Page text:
Riga’s KGB Corner House – A bitter reminder of the Year(s) of Terror

I had so many beautiful memories in Riga, the capital of the Baltic state of Latvia. There is no doubt that one of the main highlights of the 4-day escapade was the visit to the KGB Headquarter, aka the Corner House, located in Brīvības iela 61, about a kilometer away from the Old Town. Riga was recognized as the European Capital of Culture in 2014, and with that came the decision of the Latvian government to carry out a project named “KGB Building: File No. 1914/2014”. It meant that Latvia was opening the KGB Headquarter’s door to the public, exhibiting the bitter and gruesome witnesses – documents and files, photos, the actual prison cells, halls and execution room – of the Soviet Union’s reign over the country.

The KGB Headquarter's inner courtyard
The KGB Headquarter’s inner courtyard

For a long time, the feared KGB headquarters on the street corner stood empty and silent. Nobody wanted to go in there to avoid being reminded of the terror the country had to suffer under the Soviet Union regime. But in 2014, the government took the initiative to convert the building to a museum-sort of venue to give people a chance to learn about the country’s past and to help the locals move on. According to Diana Civle, director of the Riga 2014 Foundation, “In many countries, buildings that served such functions remain inaccessible, but in 2014, Riga has dared to open this one’s door, to consider what has passed here and what will be, to discuss the relationships between people and authority, our inner freedoms and restraints as we go forward.”

A view of the street outside the KGB building
A view of the street outside the KGB building

Just a quick historical background: The Corner House was home to “one of the most secretive organisations in the former Soviet Union, the Committee for State Security, known as the Cheka”. Built in 1910 and designed by Aleksandrs Vanags, it started as a “lavish six-storey apartment building”. In 1919, Vanags was shot dead by the Bolshevik Latvian SSR authorities for counter-revolutionary activities. For me, his death served as a foreshadowing of the gruesome, strict political regime that followed. The building, then, served as the main office of the Ministry of Interior. In 1940, Latvia was invaded by the Red Army, forcing the Ministry to vacate the building and causing the Commander of Latvia’s Border Guard, Gen. Ludvigs Bolsteins, to commit suicide. From 1940 until 1991, the building served as the headquarters of the Cheka, whose job was to arrest, interrogate, imprison, execute or deport people accused of collaborating with the German occupation regime and treason.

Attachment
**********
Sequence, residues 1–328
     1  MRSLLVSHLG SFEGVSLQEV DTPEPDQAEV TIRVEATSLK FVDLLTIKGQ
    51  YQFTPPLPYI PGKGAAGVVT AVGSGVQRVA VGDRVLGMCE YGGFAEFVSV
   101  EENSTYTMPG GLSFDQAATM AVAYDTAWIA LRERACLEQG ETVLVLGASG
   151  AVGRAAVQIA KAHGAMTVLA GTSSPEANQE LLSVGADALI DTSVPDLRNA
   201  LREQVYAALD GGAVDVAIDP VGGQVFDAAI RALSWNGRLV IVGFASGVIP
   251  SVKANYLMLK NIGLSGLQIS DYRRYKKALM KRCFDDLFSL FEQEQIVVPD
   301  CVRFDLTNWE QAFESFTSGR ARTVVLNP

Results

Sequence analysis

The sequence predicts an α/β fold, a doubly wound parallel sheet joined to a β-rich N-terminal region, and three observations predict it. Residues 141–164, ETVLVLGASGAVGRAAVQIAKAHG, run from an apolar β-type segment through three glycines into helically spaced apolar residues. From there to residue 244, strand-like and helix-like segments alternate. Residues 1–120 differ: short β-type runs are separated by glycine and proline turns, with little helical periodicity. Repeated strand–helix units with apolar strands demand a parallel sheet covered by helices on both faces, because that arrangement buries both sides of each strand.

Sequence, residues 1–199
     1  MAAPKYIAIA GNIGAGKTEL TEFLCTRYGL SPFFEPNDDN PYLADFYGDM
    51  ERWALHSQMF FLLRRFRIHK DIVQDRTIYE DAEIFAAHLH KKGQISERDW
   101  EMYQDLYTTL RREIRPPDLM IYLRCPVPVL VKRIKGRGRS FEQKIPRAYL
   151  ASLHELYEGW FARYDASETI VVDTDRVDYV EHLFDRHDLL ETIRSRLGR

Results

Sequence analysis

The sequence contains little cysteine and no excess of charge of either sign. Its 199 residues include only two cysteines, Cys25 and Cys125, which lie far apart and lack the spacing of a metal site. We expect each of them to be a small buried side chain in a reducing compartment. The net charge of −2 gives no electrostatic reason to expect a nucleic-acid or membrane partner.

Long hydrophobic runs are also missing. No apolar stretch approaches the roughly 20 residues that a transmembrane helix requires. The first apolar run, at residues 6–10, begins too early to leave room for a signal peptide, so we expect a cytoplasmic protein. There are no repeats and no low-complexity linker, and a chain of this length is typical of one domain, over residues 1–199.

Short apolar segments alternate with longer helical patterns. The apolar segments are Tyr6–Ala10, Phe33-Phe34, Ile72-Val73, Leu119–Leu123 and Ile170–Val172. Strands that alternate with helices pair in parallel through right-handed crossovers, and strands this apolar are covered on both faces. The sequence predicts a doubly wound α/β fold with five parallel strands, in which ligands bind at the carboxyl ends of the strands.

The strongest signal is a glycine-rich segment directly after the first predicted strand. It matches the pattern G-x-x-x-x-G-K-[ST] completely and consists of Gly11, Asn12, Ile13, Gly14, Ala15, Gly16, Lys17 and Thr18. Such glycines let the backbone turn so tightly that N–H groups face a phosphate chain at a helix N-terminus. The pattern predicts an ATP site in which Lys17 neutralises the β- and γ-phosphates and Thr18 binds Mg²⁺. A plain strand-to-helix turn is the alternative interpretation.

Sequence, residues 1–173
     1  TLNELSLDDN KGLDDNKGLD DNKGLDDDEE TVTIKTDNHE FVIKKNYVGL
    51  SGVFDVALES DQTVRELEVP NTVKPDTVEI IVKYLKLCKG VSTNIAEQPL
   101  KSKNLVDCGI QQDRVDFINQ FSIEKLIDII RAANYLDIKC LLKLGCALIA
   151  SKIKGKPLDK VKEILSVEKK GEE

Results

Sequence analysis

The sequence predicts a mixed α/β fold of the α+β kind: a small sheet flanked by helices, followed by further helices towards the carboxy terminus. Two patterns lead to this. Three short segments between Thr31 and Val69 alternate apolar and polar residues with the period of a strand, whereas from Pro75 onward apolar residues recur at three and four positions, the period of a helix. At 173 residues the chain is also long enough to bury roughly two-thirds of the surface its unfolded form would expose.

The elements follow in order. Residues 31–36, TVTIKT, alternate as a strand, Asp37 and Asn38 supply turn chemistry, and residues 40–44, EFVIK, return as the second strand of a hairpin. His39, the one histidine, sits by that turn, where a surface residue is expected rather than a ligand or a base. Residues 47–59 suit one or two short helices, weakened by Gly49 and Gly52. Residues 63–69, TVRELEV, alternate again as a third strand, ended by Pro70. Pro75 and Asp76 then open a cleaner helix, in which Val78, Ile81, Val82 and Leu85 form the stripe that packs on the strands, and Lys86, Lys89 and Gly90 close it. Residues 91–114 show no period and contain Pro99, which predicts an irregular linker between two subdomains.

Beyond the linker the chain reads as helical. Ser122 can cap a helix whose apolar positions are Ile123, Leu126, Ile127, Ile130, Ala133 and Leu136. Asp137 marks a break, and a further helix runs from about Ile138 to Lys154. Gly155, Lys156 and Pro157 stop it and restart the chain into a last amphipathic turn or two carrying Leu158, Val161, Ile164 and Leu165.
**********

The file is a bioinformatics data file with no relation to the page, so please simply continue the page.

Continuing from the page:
The year 1940-1941 was considered as Latvia’s Year of Terror, when between 22 000 to 23 000 Latvians were executed, arrested or deported for political reasons. But the terror continued until 1991, when Latvia gained full control over its sovereignty once again. The building remained standing, but most of the KGB’s documentation was sent to Russia, making it challenging for the Latvians to decipher what had happened during the repressive years in the hands of the Cheka. (More history here: http://okupacijasmuzejs.lv/en/kgb-building)

The ceiling on the entrance  hallway, ground floor
The ceiling on the entrance hallway, ground floor
Biometrics room for prisoners
Biometrics room for prisoners/the accused

The arrests of the accused happened anytime, may it be day or night. Usually, it happened on broad daylight, according to the information booklet given to us. People just went missing, and when they did, the relatives could go to the Corner House to inquire if they had been held captive. This scenario reminded me of the Philippine Martial Law, which led to the historic People Power Revolution.

Film showing about the occupation of Latvia
Film showing about the occupation of Latvia
A prison cell, usually it can fit 6 people, but prisoners filed up that 30+ were placed in one cell.
A prison cell, usually it can fit 6 people, but prisoners filed up that 30+ were placed in one cell.
The Cheka used psychological and physical torture. Prisoners were taked to the toilet once a day, the rest of the time, they used a bucket whic caused insanitization in the cells.
The Cheka used psychological and physical torture. Prisoners were taken to the toilet once a day, the rest of the time, they used a bucket whic caused insanitization in the cells. Lights are kept, and the guards made unecessary noised at night to keep the prisoners from getting enough sleep. 
Heavy padlocks
Heavy padlocks
The guide talks about the KGB policies and conditions
The guide talks about the KGB policies and conditions

Prisoners were also not allowed to talk to each other. They were monitored through a peephole on the door and through secret peepholes on the walls.

The door where prisoners go out to get fresh air. They line up, walk with their heads bowed down and their hands crossed at their back